Thursday, December 04, 2014

Hate Watch, Look and Listen

Tonight is the second year NBC television is broadcasting a live musical theater production.  It's on as I type, and currently Peter Pan and Captain Hook are having a sword fight of sorts, but it seems a bit anemic, as if they are both allergic to the sound of clanging metal.  Because I didn't get home until an hour into the broadcast, I'm not paying a lot of attention tonight, but have no fear, tomorrow I'll be watching it with critical eyes and ears.

There has been a great deal of chatter about this show, due, in large part, to last year's live musical theater televised broadcast of The Sound of Music -- which was an epic production, and by 'epic' I mean really, really bad.  This particular production of The Sound of Music relied heavily on celebrity name recognition, and as the viewing audience learned within the first thirty seconds of the show, being a highly successful country pop singer in no way means you can adapt to Broadway singing, much less act.  And believe me, there was much, much MUCH less acting.  Despite the problems, though, there were still bright spots by several performers.  Unfortunately, those high points only seemed to make the low points even lower.  In a nutshell, it was a train wreck.  A much talked about, ridiculed, snickered-over train wreck.

Once the cast of Peter Pan was announced, the talk ramped up, and as the time drew closer to tonight's show, the inevitable comparisons started to fly.  Allison Williams, the Peter in Peter Pan, made a point of asking that people not "hate watch" the show.  "People are cynical, and that's a much more fun way to watch television," she said, but added that if viewers were approaching the show from an assumption of hate, the show would be destined for failure.  "Peter Pan lives and breathes by people believing in fairies.  I mean, that's a literal moment."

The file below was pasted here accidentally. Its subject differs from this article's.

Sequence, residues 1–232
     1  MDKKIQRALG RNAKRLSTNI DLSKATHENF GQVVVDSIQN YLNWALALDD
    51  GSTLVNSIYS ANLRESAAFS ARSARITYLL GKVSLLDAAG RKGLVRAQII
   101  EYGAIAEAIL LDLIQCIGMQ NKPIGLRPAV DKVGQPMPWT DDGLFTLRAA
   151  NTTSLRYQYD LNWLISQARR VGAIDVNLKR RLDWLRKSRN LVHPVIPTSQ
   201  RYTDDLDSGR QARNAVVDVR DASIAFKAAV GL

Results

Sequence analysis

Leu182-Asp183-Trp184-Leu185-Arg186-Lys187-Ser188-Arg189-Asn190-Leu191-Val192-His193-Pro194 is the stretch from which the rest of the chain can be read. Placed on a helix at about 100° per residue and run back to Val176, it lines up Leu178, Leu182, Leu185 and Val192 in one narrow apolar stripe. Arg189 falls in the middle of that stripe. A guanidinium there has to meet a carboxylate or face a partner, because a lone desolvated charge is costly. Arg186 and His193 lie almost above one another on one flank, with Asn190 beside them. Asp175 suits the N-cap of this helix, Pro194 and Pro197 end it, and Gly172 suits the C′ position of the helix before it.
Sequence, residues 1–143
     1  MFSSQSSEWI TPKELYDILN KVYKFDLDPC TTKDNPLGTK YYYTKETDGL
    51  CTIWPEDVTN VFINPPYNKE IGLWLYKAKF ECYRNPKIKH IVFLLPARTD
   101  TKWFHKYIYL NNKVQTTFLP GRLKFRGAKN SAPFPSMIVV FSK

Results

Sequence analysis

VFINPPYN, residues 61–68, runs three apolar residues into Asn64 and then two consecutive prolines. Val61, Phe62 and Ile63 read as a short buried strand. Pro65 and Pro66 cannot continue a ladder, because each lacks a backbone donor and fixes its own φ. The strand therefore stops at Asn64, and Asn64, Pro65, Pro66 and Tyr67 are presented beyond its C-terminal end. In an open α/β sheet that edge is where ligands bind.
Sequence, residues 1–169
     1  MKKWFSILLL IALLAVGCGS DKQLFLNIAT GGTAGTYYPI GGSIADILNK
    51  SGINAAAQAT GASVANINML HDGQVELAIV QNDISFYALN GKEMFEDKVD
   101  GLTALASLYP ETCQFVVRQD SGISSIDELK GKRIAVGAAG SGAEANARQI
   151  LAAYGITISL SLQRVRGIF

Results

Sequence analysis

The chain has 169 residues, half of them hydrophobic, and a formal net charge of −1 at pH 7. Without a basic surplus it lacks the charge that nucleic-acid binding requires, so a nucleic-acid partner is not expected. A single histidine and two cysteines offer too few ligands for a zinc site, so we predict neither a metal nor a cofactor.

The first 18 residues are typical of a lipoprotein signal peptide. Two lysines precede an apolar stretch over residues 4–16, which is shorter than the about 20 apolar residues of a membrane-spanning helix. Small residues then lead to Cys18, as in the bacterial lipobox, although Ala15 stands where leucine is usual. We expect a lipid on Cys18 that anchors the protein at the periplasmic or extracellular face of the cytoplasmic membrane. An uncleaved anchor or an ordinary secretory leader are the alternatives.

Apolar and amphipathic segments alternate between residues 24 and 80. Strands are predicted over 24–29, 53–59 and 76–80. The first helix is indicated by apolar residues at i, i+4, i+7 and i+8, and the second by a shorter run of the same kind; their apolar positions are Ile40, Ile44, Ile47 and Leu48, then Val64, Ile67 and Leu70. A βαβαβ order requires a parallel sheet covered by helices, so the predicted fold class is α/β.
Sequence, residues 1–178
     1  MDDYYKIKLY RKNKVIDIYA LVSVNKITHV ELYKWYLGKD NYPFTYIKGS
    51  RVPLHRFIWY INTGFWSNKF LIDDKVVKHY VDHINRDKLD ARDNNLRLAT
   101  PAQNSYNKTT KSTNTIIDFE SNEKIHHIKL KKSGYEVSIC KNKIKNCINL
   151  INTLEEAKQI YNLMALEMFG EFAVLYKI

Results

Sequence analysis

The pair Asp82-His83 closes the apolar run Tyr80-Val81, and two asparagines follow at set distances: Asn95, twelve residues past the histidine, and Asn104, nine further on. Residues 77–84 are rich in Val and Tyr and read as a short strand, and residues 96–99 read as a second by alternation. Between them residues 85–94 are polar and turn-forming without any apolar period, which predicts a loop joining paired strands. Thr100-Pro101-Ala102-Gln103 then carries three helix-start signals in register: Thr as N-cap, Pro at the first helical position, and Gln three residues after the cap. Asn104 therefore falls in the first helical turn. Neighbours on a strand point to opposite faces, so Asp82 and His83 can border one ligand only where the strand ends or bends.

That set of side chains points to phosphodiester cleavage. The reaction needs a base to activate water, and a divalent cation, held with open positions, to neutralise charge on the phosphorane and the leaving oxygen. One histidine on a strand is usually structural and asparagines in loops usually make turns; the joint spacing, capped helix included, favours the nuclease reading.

I can understand the concern, but I don't buy the argument.  Watching with critical eyes means just that -- comparing the production and performers to a standard of excellence.  There is a big difference between anticipating a poor performance and hoping for a poor performance.  The last time an audience was actively hoping for something awful was the summer broadcast of "Sharknado 2."  And bless the rubber shark industry and a plethora of chainsaws, the awful was fabulous and we loved it and hugged it and squeezed it and called it George. We're great cynics.  Just ask Mystery Science Theater 3000.

I hope tonight's production is good, or at least adequate.  But whatever it is, the only right thing to do is to judge it -- for better or for worse -- against all its brothers and sisters.  It can have it's own spin and creative liberties with characters, but if it's a musical, people better be able to sing AND dance AND act.  If it can't live up to its hype, Peter Pan deserves to get the hook.

1 comment:

MissMeliss said...

I confess, I watched it because I'm a musical junkie and I couldn't not, and, if nothing else, Allison Williams was a credible singer. But Christopher Walken was either stoned, reading from cue-cards or both, and I would have preferred Christian Borle as Hook (the traditional double casting) even if he's not a big enough 'name.' (Theatre audiences know who he is.)

I kept thinking Williams would have been a much better Maria (if we could go back in time) in Sound of Music than she was Peter...she lacked joy and mischief.

Worse, there were people on Twitter, and presumably offline as well, who really had no idea that Peter Pan is ALWAYS played by a woman.